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Supreme courts roundup, 6 to 12 September 2019

12 September 2019

Decisions, proceedings and news from the highest courts in some common law jurisdictions in the last week are as follows:

Supreme Court of New Zealand

Bunting v R [2019] NZSC 95 (9 September 2019). Successful application for extension of time to appeal. Unsuccessful application for leave to appeal. Leave reserved to the applicant to make a further application to the SC if his application to the Court of Appeal to revisit the matter is unsuccessful.

The applicant was convicted after trial on three charges of indecently assaulting two children – The lawyer who acted for the applicant at trial, Mr Claver was disciplined by the New Zealand Lawyers and Conveyancers Disciplinary Tribunal (NZLCDT) after admitting to a charge of misconduct particularising “a range of failures over a two to three year period, in respect of 14 different clients” – The applicant became aware of this after the trial - The principal ground of appeal was that the NZLCDT’s report provided the basis for the finding that Mr Claver was not capable of providing the applicant with proper representation, and so he was deprived of his right to a fair trial – The SC held that this principal ground of appeal did raise a question of general importance - The applicant’s preferred option is to ask the Court of Appeal to exercise its inherent jurisdiction tom revisit that matter.

High Court of Australia

Taylor v A-G (Cth) [2019) HCA 30 (11 September 2019). Unsuccessful application by a private citizen to commence criminal proceedings in the High Court.

A private citizen sought to commence criminal proceeding for offence of crime against humanity contrary to s 268.11 of Criminal Code (Cth) – The offence was located within Div 268 of the Criminal Code – Section s268.121(1) provides that proceedings under Div 268 must not be commenced without Attorney-General's written consent – The Attorney-General did not consent – Section 268.121(2) of the Criminal Code provides that offence against Div 268 "may only be prosecuted in the name of the Attorney-General" – Section 13(a) of Crimes Act 1914 (Cth) provides that any person may "institute proceedings for the commitment for trial of any person in respect of any indictable offence against the law of the Commonwealth" unless contrary intention appears – Whether s268.121(2) expresses contrary intention for purpose of s13(a) – Whether s268.121(2) precludes private prosecution of offence against Div 268.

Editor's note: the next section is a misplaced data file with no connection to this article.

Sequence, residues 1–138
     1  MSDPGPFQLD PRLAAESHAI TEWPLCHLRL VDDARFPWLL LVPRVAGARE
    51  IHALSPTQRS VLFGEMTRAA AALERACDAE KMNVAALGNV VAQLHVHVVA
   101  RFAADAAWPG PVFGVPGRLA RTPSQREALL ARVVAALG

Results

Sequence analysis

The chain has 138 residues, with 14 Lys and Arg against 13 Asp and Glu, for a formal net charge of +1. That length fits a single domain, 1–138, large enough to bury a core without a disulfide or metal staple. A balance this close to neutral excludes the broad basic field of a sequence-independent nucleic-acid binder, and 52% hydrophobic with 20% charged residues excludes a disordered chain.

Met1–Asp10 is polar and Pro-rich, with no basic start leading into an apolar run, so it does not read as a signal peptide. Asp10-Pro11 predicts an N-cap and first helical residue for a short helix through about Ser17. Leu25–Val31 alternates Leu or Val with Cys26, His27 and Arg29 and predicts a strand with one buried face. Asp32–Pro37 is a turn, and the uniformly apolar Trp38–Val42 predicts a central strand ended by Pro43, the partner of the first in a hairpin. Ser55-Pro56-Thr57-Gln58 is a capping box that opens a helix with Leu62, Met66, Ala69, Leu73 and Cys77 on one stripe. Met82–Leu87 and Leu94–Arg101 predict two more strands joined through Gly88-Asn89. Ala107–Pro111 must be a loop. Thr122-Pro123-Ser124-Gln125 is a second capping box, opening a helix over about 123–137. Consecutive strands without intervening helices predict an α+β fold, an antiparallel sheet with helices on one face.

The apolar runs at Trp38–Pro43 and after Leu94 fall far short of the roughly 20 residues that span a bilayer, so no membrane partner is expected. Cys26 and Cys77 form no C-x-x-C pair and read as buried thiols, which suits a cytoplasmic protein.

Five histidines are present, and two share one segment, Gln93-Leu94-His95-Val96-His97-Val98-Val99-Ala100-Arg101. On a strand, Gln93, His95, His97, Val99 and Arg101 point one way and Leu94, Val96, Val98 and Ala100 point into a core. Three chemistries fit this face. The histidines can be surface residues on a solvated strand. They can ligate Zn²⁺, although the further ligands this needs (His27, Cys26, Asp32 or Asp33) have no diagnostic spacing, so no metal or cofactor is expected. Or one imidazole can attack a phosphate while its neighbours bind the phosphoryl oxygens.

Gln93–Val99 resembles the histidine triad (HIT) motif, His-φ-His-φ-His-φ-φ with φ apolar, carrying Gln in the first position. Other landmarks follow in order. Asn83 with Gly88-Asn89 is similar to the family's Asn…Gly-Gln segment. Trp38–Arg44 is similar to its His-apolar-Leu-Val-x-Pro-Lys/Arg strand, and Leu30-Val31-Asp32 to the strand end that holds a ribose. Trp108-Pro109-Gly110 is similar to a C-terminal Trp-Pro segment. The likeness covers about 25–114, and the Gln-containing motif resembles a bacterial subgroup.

Minogue v Victoria [2019] HCA 31 (11 September 2019). Decision of the Full Court that s74AB of the Corrections Act 1986 is valid.

The plaintiff was convicted of murder of a police officer – The plaintiff was sentenced to imprisonment for life with non-parole period – The plaintiff's non-parole period expired – Section 74AB of Corrections Act 1986 (Vic) prevented making of parole order in respect of plaintiff unless Adult Parole Board satisfied plaintiff in imminent danger of dying or seriously incapacitated and does not have physical ability to harm any person, and does not pose risk to community – Section 74AB identified the plaintiff by name and applied only to plaintiff – The plaintiff was not in imminent danger of dying or seriously incapacitated – Section 74AAA of the Corrections Act imposed conditions for making parole order if a person was convicted of murder and the victim was a police officer – Whether ss74AB and 74AAA contrary to Ch III of Constitution and therefore invalid – Whether ss74AB and 74AAA impermissibly legislatively resentenced plaintiff – Whether ss74AB and 74AAA impose additional or separate punishment to that imposed by sentencing court – Whether s74AB distinguishable from provision upheld in Knight v Victoria (2017) 261 CLR 306; [2017] HCA 29 – Whether Knight and Crump v New South Wales (2012) 247 CLR 1; [2012] HCA 20 should be reopened.

Supreme Court of Canada

No decisions released during this period

Hong Kong Court of Final Appeal

Leung Chun Kwong v Secretary for the Civil Service [2019] HKFCA 34 (6 September 2019). Order for costs following successful appeal from the Court of Appeal.

Regarding costs, whether the basis of taxation should be on the normal party and party basis of taxation or on the indemnity basis of taxation.

Judicial Committee of the Privy Council

No decisions released during this period

Supreme Court of Ireland

No decisions released during this period

Singapore Court of Appeal

No decisions released during this period

Supreme Court of the United Kingdom

No decisions released during this period

Supreme Court of the United States

No decisions released during this period

Last updated on the 12th September 2019